• Forgot to mention this, but in general this was a very good podcast episode! I believe the ones with conversations between two or more people are always the best, so if indeed you guys do more of these I will listen again and am looking forward to it!

  • tinytouchtales

    Man this might be my ultimate fanboy episode so far. Thanks for making it! Next up: Reiner Knizia!

  • Just so people don’t think I’m crazy for leveling this critique at Frank, I quote from the “Against Design” article:

    >>Look at Shadow of the Colossus for example. What do we, as game designers, know about videogames? Well, we know a few things, we know boss battles suck. We know jumping puzzles suck. We know you get great games by focusing on meaningful interaction and you don’t get great games from aping cinema and focusing on graphics.So, how about a videogame that is nothing but boss battles, and each boss battle is a jumping puzzle, and the whole thing is set in a giant empty world with nothing to interact with, and a lot of the main motivation of the game was an attempt to achieve some film-inspired visual effects? Does that sound like a good recipe for creating one of the greatest videogames of all time?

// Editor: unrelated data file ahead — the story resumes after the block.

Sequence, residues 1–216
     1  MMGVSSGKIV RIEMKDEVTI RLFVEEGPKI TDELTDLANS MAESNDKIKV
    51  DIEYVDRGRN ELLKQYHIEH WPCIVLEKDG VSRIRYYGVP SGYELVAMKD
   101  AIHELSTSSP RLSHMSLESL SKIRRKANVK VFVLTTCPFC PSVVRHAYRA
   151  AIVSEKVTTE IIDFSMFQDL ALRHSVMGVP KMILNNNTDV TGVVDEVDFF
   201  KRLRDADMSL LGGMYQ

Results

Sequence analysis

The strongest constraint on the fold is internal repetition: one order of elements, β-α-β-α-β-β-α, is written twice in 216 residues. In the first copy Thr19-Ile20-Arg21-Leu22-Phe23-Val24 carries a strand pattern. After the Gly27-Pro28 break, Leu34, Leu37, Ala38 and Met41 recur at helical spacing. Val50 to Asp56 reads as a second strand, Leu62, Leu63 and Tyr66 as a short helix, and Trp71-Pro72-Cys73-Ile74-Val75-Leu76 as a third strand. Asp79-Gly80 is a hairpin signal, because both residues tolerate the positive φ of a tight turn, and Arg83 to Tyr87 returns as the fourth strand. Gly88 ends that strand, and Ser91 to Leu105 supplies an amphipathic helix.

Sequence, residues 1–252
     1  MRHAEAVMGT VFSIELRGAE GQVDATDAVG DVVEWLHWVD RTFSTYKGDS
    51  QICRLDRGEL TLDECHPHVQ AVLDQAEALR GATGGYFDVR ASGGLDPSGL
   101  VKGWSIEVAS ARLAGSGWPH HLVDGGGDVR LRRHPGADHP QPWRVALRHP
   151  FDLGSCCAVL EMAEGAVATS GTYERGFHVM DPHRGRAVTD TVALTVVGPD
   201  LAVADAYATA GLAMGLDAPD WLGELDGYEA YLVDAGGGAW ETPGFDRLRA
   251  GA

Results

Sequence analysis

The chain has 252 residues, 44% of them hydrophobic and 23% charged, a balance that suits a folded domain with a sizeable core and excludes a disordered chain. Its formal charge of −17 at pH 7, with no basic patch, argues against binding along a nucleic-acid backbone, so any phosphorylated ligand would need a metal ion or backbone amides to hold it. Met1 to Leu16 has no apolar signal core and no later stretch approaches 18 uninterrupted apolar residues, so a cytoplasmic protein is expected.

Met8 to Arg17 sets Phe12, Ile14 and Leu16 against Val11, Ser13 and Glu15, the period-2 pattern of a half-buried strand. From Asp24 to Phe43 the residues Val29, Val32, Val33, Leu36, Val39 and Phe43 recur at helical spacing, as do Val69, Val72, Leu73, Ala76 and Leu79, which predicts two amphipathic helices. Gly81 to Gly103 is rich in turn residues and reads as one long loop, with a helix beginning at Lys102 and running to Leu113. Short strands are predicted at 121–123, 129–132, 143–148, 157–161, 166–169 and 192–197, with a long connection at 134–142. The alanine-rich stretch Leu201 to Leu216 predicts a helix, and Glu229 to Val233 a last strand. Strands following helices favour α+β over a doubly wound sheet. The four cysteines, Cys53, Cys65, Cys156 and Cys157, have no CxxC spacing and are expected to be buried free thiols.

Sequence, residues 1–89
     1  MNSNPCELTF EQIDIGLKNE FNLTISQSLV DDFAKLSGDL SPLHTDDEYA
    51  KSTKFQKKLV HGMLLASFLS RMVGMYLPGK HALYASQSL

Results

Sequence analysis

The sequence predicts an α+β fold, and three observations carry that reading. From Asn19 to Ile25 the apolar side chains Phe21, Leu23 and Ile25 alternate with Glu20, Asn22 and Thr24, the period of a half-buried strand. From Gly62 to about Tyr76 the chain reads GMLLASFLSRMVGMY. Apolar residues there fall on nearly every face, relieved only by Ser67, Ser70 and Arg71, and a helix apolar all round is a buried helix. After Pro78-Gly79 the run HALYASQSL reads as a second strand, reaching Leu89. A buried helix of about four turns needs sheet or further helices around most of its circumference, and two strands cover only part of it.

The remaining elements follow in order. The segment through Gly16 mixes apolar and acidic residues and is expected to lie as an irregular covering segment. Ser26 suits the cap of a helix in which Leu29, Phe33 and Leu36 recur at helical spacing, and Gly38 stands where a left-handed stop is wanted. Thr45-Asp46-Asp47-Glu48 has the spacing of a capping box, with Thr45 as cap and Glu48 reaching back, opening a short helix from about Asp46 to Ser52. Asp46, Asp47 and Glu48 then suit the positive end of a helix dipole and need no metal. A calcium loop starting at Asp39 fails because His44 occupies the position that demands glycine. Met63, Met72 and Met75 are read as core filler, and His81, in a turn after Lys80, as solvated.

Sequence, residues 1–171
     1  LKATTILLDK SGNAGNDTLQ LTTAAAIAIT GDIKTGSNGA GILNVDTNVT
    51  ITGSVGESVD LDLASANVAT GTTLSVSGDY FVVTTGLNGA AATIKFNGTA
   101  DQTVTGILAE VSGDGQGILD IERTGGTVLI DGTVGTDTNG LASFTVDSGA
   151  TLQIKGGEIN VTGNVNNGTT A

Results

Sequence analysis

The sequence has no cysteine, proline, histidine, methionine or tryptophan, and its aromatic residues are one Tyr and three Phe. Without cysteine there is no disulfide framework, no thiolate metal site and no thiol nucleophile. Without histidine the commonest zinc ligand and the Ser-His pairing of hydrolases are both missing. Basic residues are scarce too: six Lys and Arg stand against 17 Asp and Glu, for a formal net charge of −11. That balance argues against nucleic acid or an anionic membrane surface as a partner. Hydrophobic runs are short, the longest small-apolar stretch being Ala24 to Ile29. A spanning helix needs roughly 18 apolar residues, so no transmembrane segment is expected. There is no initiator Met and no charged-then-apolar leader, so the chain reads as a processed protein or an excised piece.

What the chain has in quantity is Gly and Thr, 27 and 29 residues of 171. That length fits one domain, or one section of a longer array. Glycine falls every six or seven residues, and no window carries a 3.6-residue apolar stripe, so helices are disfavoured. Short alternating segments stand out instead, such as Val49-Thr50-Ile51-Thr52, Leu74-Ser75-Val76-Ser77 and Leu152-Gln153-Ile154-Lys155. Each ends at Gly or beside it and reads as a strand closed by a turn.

>>Look at the AWP, the signature 1-hit-kill weapon in Counter-Strike. It’s completely unbalanced. Any sensible game designer would have rejected it. Luckily for us, Counter-Strike wasn’t made by sensible designers, it was made by unreasonable people who kept this unbalanced ingredient and evolved the rest of the game around it.

    In both cases, the message seems *to me* to be a celebration of the wrongness of theory. It’s cherry picking examples where the theory DIDN’T work (nevermind the countless examples in both games where there absolutely is theory that explains much about these games) in order to send the message that theory in general doesn’t work.

    But again, as I said in the episode, I understand that Frank comes off this way more than he intends to because he is trying to pull a pretty small circle of game design theorists in the direction of “be less confident”. Which I think is legitimate. But I think my general interpretation of his work is also pretty fair, given what is written down.